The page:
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Los Angeles, CA, United States


Wednesday, August 24, 2011


It's a sad day as I watch my neighbor pack up the last of his belongings to move to storage. His home is being foreclosed and he's been ordered to vacate.  It sucks because he really loved his home and made huge improvements while he lived there. And for what, for some stranger to come in and enjoy the fruits of his labor.

My neighbor admits he made a bad decision taking out a second mortgage.  According to him, he used some shady Armenian mafioso that his cousin recommended.  The rate was high and he didn't think it'd be a problem to pay it off.  This is just another example of the mortgage crisis hitting close to home.  How many so called friends and relatives have recommended someone they know to help refinance or get you a second?  And how many people sign the loan docs without really considering the consequences if they don't make the payments?  Oh, it's easy to blame the banks or the loan shark or even that cousin that "hooked" you up.  What it all boils down to is those cursive letters above all the lines where one needs to initial or sign.

Granted, it was ridiculous for lenders to give out money without so much as an income verification.  As long as there was equity in the home, money was available.  Mortgage brokers/agents got rich turning loans and making a cool percentage off the deal.  Wall Street got greedy too with their packaging of loans and selling it as a security.  All these bastards wanted a piece of the action and found a way to make even more money.  Mortgage securities were this decade's internet IPO.  And just like the internet boom of the 90's, it all exploded.  Maybe that's why they coined the term boom because just like a bomb, it just explodes and leaves a path of destruction.

There are those folks who knew they couldn't pay their mortgage and lived large off the equity borrowing every penny they could.  These are the people who consider a car to be an investment.  The same people who feel if they have money in the bank, it's meant to be spent.  These are the people who took advantage of the system only to file BK when the house of cards came crumbling down and they're forced to move out.  The are the people who usually take no personal accountability for the actions and blame the banks.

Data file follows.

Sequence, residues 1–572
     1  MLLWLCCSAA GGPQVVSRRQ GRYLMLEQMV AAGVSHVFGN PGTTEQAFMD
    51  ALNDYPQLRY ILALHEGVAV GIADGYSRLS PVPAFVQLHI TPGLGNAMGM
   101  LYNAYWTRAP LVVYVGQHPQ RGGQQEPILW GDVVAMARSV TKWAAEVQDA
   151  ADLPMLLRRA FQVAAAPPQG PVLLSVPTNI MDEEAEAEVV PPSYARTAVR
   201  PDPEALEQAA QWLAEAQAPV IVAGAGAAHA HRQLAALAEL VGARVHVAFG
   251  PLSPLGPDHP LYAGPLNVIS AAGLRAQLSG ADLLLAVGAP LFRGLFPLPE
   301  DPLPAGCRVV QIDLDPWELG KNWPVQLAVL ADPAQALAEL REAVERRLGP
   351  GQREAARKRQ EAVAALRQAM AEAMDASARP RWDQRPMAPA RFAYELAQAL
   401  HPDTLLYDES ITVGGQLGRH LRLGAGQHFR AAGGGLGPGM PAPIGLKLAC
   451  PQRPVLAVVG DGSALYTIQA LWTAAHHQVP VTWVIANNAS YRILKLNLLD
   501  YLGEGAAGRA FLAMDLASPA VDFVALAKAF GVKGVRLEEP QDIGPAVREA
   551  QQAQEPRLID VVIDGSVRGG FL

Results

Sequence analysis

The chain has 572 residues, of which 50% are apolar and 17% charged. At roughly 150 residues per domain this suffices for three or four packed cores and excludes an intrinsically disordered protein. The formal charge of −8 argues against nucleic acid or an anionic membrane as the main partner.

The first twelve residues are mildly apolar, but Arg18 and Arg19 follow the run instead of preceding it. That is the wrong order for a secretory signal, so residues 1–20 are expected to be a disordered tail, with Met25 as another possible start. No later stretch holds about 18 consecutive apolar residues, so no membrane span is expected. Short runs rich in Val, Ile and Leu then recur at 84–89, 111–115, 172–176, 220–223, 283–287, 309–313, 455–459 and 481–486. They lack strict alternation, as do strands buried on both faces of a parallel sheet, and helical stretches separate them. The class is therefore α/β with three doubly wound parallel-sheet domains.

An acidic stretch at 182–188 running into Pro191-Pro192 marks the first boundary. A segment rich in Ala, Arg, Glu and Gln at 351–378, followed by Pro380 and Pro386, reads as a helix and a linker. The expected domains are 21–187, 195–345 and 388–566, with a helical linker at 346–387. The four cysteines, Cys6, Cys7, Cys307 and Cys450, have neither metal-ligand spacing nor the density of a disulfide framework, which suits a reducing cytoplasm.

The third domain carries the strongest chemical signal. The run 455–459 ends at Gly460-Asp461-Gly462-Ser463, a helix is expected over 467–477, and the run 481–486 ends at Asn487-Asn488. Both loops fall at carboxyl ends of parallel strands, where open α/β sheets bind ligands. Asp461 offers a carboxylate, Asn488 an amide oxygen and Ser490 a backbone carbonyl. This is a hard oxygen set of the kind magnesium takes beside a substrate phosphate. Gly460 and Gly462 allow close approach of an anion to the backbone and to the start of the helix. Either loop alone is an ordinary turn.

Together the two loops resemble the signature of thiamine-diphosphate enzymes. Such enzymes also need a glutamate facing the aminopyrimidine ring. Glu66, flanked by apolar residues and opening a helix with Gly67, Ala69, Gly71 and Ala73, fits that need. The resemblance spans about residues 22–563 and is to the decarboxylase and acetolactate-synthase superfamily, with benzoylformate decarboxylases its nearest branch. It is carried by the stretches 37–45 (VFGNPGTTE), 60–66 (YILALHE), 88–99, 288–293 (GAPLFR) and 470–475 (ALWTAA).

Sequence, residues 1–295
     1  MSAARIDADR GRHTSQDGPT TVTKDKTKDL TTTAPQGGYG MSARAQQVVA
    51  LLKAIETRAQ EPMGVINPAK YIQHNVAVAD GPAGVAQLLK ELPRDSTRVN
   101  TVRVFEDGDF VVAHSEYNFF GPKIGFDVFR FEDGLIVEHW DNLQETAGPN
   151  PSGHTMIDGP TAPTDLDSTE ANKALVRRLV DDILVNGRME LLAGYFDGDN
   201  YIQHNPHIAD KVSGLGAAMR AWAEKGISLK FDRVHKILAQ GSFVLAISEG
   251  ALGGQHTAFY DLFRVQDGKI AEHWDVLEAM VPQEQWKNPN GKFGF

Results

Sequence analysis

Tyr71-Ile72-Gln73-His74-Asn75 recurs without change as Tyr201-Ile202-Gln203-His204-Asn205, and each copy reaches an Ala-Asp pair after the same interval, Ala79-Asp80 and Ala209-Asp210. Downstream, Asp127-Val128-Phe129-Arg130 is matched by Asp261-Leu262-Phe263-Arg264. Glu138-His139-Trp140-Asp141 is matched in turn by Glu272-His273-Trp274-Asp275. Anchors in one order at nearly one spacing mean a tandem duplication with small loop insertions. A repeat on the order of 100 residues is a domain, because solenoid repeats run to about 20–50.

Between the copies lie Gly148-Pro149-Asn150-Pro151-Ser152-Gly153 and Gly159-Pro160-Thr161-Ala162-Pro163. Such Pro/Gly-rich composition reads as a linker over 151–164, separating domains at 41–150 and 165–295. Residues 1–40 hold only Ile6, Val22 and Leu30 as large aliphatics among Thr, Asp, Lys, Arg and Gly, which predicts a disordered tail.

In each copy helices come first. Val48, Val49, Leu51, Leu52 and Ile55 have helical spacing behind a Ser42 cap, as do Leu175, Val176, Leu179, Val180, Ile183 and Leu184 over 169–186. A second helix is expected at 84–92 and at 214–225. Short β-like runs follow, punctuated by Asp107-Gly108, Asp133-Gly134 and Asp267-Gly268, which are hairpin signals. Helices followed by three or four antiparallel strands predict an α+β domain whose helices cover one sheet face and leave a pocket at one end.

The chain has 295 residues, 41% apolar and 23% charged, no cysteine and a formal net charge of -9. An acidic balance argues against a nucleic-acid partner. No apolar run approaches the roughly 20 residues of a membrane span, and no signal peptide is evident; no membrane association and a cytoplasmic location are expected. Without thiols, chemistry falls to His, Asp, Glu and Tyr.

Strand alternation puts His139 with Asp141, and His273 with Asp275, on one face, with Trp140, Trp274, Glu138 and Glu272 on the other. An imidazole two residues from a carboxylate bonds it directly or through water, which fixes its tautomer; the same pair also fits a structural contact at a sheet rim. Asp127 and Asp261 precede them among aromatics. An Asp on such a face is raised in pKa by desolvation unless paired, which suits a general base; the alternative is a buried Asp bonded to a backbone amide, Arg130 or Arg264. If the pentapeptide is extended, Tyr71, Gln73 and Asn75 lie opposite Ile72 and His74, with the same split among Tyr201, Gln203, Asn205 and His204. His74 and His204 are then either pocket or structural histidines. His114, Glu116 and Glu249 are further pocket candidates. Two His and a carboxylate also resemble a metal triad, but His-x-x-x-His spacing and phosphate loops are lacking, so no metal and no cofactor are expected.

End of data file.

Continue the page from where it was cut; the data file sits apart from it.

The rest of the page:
Then there's the hard working family who realized their dream of owning a house with every intent on paying it off only to get screwed because the lender didn't want to do a loan modification because the housing value went down and regardless of the US government pushing for loan modifications, lenders just gave lip service and foreclosed.

So why does my neighbor's foreclosure bother me?  It's not that he's leaving. He was cool but we weren't all that neighborly.  I think it's because the thought that one single decision can really jack things up.  I make decisions daily.  We all do as adults.  If it involves a significant purchase or an investment, the decision is made jointly between the wife and me.

But what about those decisions we make nonchalantly because we think it won't really matter.  What comes to mind are the dumb decisions I made as kid like driving under the influence.  Or what about the decisions when we missed out on a great experience because we said no to the invitation. Or the decision on what career path to take and what company to work for.  All decisions with consequences that could be life altering in some cases.

Don't misunderstand me. I'm not sitting here advocating indecision or second guessing past decisions.  What I guess I'm trying to verbalize is the idea that sometimes, what may seem as an insignificant decision may have dire consequences and can really jack things up with the possibility of having to pack up the belongings and start all over.....

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